'I want to be somebody' : identities of primary school leavers on the Caribbean island of St. Kitts
Donelly Bowrin, Eva (2012) 'I want to be somebody' : identities of primary school leavers on the Caribbean island of St. Kitts. PhD thesis, University of Warwick.Full text not available from this repository.
Official URL: http://webcat.warwick.ac.uk/record=b2582792~S1
The research reported in this thesis is an investigation of identities of primary school leavers (10-13 years old) residing on the Caribbean territory, St. Kitts. Through two main phases and a pilot of an ethnography conducted intermittently between 2008 and 2011, I explored volunteer-participants' individual and collective identities. In particular, I explored their aspirations for the future and everyday living, the influences they perceive, and conceptualizations of and aspirations for the Caribbean. The aim was to gain insights into their understanding of Caribbean, thus, illuminating Caribbean-identity; two terms fuelling debates in the Social Science literature alleging a Caribbean-identity crisis. One of the main innovations of the design was my partnership with a group of primary school leavers who were trained to help as co-researchers to collaboratively generate and partially analyse data. The findings suggest participants have very positive perceptions of themselves as individuals; however, their identities seem more localized. They generally aspire to migrate, especially to America, to achieve success, and their conceptions of Caribbean vary greatly and seem uncertain while their overarching-aspiration for their island and region is for them to become "better" places socially, economically, politically, culturally, and environmentally. In part, this main finding conflicts with the idea of an identity-crisis on an individual-level, but supports ideas of a lack of a resolute sense of self on a regional-collective level for participants. Equally important, participants report many positive impacts resulting from their involvement. For some, the process contributed clarity about self and aspirations, and for others, it helped with not only a clearer-perspective, but also the development of life-skills.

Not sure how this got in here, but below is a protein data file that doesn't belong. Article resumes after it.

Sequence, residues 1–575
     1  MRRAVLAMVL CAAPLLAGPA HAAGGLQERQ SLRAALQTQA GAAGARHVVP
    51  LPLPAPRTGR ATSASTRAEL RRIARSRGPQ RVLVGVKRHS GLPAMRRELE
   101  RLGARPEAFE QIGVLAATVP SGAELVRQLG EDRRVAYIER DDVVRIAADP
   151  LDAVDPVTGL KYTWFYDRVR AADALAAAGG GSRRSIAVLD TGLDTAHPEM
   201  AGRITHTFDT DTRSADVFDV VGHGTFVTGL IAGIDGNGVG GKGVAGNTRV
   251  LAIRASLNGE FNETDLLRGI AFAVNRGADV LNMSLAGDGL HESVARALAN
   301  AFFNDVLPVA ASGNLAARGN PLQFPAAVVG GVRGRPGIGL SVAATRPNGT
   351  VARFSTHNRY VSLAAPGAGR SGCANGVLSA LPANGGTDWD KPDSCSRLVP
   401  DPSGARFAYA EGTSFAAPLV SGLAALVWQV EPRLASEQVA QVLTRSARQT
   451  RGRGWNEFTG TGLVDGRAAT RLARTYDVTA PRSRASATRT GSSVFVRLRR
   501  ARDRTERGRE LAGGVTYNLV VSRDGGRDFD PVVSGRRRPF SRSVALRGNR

|Item Type:||Thesis or Dissertation (PhD)|
|Subjects:||H Social Sciences > HM Sociology
H Social Sciences > HQ The family. Marriage. Woman
|Library of Congress Subject Headings (LCSH):||School children -- Saint Kitts and Nevis, Nationalism -- Saint Kitts and Nevis, Ideals (Psychology) in children -- Saint Kitts and Nevis, Identity (Psychology) in children -- Saint Kitts and Nevis|
|Institution:||University of Warwick|
|Theses Department:||Institute of Education|
|Supervisor(s)/Advisor:||Christensen, Pia Monrad ; Niblett, Michael ; Jones, Cecily|
|Sponsors:||University of Sussex ; University of Warwick ; University of Warwick. Institute of Education|
|Extent:||xv, 381 leaves|
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